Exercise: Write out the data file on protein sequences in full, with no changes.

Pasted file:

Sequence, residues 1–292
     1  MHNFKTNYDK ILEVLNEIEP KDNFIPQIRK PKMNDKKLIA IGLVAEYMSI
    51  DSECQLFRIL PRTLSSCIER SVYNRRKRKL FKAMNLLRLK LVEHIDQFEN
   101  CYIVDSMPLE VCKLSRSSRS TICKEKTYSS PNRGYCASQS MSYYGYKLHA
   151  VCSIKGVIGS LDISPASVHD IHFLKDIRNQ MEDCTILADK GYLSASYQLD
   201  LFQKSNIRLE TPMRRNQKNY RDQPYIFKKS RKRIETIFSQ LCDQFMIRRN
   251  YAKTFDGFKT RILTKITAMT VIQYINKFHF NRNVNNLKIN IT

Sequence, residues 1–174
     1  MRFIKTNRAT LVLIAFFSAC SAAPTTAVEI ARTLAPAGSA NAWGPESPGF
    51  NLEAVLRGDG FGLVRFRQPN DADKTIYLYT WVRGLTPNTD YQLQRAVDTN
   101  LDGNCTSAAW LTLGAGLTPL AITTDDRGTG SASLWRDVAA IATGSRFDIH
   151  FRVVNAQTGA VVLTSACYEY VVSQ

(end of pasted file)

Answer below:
Sequence, residues 1–292
     1  MHNFKTNYDK ILEVLNEIEP KDNFIPQIRK PKMNDKKLIA IGLVAEYMSI
    51  DSECQLFRIL PRTLSSCIER SVYNRRKRKL FKAMNLLRLK LVEHIDQFEN
   101  CYIVDSMPLE VCKLSRSSRS TICKEKTYSS PNRGYCASQS MSYYGYKLHA
   151  VCSIKGVIGS LDISPASVHD IHFLKDIRNQ MEDCTILADK GYLSASYQLD
   201  LFQKSNIRLE TPMRRNQKNY RDQPYIFKKS RKRIETIFSQ LCDQFMIRRN
   251  YAKTFDGFKT RILTKITAMT VIQYINKFHF NRNVNNLKIN IT

Sequence, residues 1–174
     1  MRFIKTNRAT LVLIAFFSAC SAAPTTAVEI ARTLAPAGSA NAWGPESPGF
    51  NLEAVLRGDG FGLVRFRQPN DADKTIYLYT WVRGLTPNTD YQLQRAVDTN
   101  LDGNCTSAAW LTLGAGLTPL AITTDDRGTG SASLWRDVAA IATGSRFDIH
   151  FRVVNAQTGA VVLTSACYEY VVSQ